2013 Annual Report
2. Determine direct impact and residual activity of insecticides against key beneficial organisms used for biological control of thrips, Bemisia tabaci, mites, and other taxa of invasive pests.
3. Develop model pesticide rotation programs, based on residual activity, labeled restrictions on frequency of application, and impact on key beneficial arthropods.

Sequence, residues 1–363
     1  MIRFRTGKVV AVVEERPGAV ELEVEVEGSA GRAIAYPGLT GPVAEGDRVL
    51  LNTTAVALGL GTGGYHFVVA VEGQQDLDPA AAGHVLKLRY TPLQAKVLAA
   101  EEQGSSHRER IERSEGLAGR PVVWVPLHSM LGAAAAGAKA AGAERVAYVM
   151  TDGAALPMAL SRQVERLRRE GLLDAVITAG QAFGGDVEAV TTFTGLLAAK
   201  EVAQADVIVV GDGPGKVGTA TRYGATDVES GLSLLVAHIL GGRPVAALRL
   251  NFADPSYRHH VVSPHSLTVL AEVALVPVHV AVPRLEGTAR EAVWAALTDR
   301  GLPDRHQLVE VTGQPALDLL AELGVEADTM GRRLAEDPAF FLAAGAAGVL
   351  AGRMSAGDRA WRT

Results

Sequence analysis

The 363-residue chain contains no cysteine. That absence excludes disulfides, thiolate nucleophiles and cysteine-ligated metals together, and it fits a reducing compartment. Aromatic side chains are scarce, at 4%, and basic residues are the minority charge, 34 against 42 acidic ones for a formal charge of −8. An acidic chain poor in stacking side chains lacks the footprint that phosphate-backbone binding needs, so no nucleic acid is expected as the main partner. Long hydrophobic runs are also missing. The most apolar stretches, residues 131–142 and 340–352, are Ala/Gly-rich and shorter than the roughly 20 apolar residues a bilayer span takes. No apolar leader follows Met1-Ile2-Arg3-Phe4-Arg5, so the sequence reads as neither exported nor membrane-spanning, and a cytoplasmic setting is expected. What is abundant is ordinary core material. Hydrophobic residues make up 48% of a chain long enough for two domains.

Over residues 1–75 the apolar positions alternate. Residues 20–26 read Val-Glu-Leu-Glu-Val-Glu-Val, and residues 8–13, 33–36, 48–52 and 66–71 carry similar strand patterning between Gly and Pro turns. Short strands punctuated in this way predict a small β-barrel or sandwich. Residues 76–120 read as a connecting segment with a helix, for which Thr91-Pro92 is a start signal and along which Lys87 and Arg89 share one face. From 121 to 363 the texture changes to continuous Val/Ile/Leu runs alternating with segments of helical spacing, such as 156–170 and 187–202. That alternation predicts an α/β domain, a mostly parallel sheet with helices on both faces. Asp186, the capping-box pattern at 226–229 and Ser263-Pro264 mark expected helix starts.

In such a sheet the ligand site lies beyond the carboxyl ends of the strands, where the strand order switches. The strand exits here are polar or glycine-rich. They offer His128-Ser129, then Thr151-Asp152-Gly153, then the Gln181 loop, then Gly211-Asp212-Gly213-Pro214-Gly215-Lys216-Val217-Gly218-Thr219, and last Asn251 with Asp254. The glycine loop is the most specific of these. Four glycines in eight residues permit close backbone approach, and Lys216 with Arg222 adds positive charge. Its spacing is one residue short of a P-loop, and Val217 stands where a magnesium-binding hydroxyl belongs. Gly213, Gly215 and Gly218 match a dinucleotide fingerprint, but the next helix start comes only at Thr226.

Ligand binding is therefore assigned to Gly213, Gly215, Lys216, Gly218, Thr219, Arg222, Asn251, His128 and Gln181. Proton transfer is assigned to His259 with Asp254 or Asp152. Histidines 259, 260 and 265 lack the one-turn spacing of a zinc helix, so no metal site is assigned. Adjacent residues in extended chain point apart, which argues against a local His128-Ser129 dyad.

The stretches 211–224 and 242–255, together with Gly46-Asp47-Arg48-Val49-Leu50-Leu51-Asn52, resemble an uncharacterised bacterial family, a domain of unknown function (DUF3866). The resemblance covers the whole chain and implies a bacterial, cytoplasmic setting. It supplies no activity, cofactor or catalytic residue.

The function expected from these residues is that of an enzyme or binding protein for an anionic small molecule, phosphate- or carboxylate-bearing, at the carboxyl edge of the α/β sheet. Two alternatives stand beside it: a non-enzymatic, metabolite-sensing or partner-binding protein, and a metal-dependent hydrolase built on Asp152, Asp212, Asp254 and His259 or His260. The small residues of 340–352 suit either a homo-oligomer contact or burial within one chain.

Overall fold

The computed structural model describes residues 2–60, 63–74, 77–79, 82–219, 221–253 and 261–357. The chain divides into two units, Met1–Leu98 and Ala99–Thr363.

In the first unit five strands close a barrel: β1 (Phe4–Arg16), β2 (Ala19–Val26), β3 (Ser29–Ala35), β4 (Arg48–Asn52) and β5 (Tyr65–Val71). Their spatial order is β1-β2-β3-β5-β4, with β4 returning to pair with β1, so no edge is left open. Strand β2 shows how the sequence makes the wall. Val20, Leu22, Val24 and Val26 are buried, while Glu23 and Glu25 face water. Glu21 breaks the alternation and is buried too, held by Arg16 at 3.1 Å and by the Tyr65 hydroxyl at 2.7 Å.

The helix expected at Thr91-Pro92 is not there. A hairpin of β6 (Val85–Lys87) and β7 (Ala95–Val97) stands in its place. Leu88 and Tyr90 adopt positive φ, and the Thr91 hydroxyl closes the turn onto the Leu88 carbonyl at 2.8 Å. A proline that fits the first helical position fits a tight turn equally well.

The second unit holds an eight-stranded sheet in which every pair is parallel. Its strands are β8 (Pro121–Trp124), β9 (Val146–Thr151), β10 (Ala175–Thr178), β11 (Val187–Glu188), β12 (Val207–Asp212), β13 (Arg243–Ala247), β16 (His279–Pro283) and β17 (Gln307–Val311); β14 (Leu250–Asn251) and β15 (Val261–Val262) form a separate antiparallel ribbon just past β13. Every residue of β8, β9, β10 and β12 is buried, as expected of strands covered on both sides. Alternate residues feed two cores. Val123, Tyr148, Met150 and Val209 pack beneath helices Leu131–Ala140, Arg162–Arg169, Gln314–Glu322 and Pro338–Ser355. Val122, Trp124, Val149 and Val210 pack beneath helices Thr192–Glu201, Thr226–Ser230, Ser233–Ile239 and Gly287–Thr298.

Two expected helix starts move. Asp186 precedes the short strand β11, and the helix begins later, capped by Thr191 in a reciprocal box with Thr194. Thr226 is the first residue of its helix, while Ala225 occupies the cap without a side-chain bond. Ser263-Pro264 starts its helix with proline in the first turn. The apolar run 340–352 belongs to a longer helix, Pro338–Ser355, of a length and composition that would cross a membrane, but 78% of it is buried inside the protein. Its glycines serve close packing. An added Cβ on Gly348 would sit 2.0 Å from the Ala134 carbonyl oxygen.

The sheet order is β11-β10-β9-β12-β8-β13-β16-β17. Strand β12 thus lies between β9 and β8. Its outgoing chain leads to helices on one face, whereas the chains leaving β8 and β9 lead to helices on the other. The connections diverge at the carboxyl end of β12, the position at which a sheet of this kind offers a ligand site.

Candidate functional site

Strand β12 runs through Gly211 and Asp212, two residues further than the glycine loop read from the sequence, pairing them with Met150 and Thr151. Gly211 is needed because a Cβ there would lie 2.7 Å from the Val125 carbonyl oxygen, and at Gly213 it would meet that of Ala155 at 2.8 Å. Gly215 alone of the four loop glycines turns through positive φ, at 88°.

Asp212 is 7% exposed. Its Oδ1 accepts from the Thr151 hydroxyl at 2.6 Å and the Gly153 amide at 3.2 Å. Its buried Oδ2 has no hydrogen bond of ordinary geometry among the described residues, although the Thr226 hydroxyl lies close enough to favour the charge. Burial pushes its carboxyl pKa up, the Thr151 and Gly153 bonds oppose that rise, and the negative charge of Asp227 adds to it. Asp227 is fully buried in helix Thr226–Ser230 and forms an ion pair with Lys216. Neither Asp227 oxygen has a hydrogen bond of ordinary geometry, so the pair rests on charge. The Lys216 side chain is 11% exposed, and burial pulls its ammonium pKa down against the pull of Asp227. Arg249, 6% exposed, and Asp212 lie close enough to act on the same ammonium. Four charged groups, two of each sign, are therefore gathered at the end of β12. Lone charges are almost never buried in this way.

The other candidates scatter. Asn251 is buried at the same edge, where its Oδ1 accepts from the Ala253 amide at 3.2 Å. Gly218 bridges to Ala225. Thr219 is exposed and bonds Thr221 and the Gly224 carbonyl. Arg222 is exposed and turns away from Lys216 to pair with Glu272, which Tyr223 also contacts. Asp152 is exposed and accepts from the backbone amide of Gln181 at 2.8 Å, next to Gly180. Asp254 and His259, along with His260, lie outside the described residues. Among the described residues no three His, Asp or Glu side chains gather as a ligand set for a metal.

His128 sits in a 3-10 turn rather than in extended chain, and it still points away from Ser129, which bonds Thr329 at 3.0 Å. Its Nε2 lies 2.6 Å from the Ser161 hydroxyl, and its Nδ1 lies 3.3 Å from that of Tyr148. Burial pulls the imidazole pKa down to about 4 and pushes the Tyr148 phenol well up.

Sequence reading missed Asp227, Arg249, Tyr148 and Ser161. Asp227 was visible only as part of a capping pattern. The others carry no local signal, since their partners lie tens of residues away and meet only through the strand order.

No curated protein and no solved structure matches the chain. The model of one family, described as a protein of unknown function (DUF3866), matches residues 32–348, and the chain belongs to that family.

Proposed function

Pesticides are often effective against the prey used by the predatory mites we are interested in evaluating the side effects of pesticides on. One pesticide we are interested in using for ornamental IPM programs is called Sultan (cyflumetofen). The material is active on the two-spotted spider mite but not against whiteflies and thrips. The toxicity of cyflumetofen against Phytoseiulus persimilis and Amblyseius swirskii, two of the most commonly used biological control agents, was unknown. The acute toxicity of cyflumetofen against P. persimilis has been studied in the laboratory but not against A. swirskii. The residual toxicity of cyflumetofen against both predatory mite species is also unknown. This lack of information will hinder the practical integration of cyflumetofen with biological control programs in floricultural production. Does cyflumetofen have acute or residual effect on the survival of A. swirskiii and can it be safely integrated with existing whitefly and thrips biological control programs? Since cyflumetofen does not have translaminar or systemic activity, thorough coverage of the infested plants is required for effective spider mite management. If a grower does not achieve good coverage, can P. persimilis be used to ‘clean up’ the remaining or hidden colonies of spider mites? Can cyflumetofen be applied when biological control program is on-going (acute toxicity)? How many days after treatment with cyflumetofen can P. persimilis and A. swirskii be released (residual toxicity)? One issue we discovered when trying to evaluate the impact of pesticides on A. swirskii is that the pesticides had an impact on the whiteflies we were using to feed this predatory mite. We have developed two systems that will allow us to evaluate the impact of various pesticides in the future. The system being currently evaluated uses what we have learned concerning pepper banker plants. These plants, when in flower, are suitable for the maintenance/ development of significant populations of A. swirskii even if no prey are present on the plant. We expose flowering Red Missile pepper plants to a source of the predatory mite. Once adequate numbers of the predators can be found on the test plants we count the numbers of individuals on a subsample of leaves, treat with the pesticide of interest. Populations are then monitored over time on the test plants. We utilize the maximum labeled rate of each pesticide being evaluated and compare to a water treated set of control plants in each experiment. To date we have run preliminary trials with Floramite, Avid and Sultan. We have observed significant reductions in the predatory mite populations but the populations are not eradicated. We will continue these studies over time to determine if the mites are able to rebound and develop populations large enough to manage thrips and whiteflies on the peppers and on other target crops if these treated peppers are used as banker plants.